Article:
It’s a real shame, then, that Atom Egoyan’s film fails to connect on just about every level.  His feckless direction leaves “Devil’s Knot” not a tonal mess but downright confusing.  Reducing a subject that has received nearly seven hours of coverage from the “Paradise Lost” films alone into a two hour feature is a lofty task, and Egoyan never figures out an effective method of intelligibly conveying the facts and events.  (Not to mention, there are still enough questions lingering in the case to fill another film.)

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REVIEW: Chronicle

13 12 2012

Oh, found footage movies, whatever are we going to do with you?  With every new movie, you seem to reinvent your own rules.  Everyone just has to be an iconoclast, I suppose.

In “Chronicle,” the story of three teenagers magically endowed with superpowers, the camera begins as a small handheld camera documenting the mundane happenings of life.  But then the perspective widens. By the climactic fight scene, we are taking it in from every lens possible, be it a police car or a building security camera.

In a way, it makes sense for the number of cameras to grow as the magnitude of these three high schoolers’ decisions with their powers begins to affect people beyond the personal scale.  In a movie like “Project X,” the action never really expands to such a wide scope, and it feels a little odd when the cameras begin to act as such.  Yet even with a relatively justifiable reason to switch up the shooting style, “Chronicle” widens its lens at the expense of some of the intimacy that the found footage subgenre is designed to provide.  And as such, it loses the punch of an “End of Watch” or “Paranormal Activity.”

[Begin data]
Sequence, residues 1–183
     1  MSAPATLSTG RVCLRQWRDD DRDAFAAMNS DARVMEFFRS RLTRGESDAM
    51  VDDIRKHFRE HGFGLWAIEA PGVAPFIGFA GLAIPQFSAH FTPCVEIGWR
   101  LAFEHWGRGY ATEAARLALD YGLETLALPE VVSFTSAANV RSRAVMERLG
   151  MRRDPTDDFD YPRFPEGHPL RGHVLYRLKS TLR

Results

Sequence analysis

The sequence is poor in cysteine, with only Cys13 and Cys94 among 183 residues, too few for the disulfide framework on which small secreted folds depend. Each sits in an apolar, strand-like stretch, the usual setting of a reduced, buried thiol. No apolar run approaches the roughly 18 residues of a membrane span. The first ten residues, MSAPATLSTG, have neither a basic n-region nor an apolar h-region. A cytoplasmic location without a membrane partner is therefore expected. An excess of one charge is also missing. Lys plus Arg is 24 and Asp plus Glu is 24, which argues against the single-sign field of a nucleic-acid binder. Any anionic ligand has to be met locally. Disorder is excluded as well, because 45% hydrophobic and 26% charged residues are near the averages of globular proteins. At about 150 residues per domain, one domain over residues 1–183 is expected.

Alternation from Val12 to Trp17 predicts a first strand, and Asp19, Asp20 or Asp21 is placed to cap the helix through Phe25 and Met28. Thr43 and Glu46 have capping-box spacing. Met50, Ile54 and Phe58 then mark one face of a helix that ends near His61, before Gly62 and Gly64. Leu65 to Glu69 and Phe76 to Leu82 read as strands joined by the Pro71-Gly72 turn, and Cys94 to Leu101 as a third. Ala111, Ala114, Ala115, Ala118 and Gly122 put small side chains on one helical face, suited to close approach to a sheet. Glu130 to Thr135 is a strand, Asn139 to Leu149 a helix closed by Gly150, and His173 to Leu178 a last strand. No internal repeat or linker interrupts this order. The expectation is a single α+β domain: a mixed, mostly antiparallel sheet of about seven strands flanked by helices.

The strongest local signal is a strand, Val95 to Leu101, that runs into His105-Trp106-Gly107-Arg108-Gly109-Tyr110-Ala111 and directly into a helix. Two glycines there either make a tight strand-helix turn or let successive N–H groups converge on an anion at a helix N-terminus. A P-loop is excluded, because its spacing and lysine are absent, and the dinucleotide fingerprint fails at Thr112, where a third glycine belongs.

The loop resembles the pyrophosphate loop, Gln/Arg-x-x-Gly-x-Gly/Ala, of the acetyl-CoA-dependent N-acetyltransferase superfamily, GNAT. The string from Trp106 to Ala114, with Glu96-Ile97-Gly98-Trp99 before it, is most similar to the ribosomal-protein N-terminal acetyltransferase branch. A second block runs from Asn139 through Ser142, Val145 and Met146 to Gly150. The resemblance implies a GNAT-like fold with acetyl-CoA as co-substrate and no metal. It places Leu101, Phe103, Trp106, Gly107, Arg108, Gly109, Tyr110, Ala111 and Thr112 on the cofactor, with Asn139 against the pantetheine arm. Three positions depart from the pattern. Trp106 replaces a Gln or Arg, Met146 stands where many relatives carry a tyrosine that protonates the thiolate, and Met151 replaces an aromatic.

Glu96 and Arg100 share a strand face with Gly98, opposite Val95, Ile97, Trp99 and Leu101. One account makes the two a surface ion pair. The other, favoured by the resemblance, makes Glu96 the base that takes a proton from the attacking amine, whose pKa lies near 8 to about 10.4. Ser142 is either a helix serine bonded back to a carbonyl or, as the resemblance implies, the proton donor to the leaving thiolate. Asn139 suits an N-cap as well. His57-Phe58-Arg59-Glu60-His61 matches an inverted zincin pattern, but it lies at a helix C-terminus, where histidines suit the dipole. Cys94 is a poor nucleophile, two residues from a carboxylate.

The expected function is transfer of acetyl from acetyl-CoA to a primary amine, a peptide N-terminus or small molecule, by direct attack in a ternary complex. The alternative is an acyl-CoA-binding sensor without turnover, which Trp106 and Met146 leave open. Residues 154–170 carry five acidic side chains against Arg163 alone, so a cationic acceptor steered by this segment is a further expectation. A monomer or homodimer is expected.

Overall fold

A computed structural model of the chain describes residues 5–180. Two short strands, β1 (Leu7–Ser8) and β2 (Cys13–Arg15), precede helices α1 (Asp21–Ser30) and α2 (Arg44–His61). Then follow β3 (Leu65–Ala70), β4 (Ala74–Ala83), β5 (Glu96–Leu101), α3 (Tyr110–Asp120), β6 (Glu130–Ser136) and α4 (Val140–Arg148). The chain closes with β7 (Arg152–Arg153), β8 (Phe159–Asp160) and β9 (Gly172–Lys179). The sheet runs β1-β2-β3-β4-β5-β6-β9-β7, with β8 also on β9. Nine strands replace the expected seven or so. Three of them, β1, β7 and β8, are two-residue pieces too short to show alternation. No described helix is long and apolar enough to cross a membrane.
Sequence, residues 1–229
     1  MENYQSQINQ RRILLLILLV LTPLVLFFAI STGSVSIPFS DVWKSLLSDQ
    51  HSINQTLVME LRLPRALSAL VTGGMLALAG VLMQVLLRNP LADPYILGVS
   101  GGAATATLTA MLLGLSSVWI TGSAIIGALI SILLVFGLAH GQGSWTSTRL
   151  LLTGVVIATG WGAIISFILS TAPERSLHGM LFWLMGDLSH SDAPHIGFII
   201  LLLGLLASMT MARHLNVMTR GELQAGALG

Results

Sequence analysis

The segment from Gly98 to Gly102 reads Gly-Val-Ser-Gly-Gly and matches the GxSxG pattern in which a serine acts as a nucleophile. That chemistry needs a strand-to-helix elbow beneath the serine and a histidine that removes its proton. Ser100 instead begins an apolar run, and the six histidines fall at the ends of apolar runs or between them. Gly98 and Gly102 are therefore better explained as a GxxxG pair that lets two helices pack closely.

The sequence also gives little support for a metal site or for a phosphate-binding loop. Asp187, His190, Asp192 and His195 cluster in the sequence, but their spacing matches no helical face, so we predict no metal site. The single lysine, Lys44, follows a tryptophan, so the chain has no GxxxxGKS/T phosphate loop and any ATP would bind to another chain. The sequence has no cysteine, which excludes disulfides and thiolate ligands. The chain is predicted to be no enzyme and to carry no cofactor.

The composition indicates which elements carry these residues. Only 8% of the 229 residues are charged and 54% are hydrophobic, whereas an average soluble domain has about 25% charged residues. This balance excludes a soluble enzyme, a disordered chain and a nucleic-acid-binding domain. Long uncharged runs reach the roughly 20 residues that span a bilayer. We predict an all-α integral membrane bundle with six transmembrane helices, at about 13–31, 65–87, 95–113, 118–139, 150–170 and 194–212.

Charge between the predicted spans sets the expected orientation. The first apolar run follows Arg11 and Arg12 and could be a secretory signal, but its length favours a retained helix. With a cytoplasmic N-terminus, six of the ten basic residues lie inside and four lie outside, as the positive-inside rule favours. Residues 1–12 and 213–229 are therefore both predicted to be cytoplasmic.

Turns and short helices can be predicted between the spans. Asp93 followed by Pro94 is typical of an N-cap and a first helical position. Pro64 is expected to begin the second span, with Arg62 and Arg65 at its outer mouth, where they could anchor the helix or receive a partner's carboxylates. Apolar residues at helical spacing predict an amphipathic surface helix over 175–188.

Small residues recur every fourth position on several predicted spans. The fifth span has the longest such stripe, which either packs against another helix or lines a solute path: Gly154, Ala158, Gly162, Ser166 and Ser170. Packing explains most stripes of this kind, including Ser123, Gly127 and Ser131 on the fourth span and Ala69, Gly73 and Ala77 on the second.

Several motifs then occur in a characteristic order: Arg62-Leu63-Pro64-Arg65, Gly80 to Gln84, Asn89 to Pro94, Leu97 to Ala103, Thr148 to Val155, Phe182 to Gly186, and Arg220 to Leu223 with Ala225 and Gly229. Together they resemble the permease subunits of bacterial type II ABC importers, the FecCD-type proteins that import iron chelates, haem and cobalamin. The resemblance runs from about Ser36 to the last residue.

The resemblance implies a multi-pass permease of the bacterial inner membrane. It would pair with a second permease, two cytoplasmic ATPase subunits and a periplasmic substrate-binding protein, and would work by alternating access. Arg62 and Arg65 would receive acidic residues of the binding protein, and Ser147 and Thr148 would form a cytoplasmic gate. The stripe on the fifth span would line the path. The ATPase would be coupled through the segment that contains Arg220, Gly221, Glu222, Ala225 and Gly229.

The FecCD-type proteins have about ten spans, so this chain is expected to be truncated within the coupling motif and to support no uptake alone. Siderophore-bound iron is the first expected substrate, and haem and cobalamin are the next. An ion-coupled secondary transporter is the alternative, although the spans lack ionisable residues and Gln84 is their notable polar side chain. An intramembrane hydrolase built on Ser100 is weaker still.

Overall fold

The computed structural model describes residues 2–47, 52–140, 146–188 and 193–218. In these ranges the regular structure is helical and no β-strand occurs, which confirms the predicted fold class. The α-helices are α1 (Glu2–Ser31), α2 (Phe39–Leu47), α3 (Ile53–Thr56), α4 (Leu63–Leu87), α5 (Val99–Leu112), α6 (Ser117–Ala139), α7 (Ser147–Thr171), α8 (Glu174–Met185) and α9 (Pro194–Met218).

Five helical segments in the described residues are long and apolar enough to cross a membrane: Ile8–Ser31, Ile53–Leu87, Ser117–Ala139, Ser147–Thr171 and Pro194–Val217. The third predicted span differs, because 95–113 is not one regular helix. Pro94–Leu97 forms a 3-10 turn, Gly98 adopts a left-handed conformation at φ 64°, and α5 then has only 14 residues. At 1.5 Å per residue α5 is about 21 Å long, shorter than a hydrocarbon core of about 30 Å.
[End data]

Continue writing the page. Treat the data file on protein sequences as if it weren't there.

But in terms of pushing the form beyond a single camera, I don’t think anyone has done it better than director Josh Trank.  His “Chronicle” doesn’t hide behind the format as a front for lazy filmmaking.  He uses the camera to provide a naturalistic portrait of high schoolers struggling with their issues, just on an extremely heightened scale.  With close-ups and tight framing, Trank is able to pierce the psyche.

Trank is also fortunate to not only have the camera as his only weapon.  “Chronicle” also features a thoughtful screenplay by Max Landis that resists mere surface-level discussions and childish gimmickry.  He manages to make the relationships feel authentic and the events feel real even when they delve into the realm of the fantastic.

Much of the success of the film can also be credited to the trio of young actors, Dane DeHaan, Alex Russell, and Michael B. Jordan, who establish relationships that we feel extend far beyond what we see on the screen.  They make the film feel as if we just happened to stumble into their friendship on any ordinary day … and then it just happens to turn extraordinary.  B2halfstars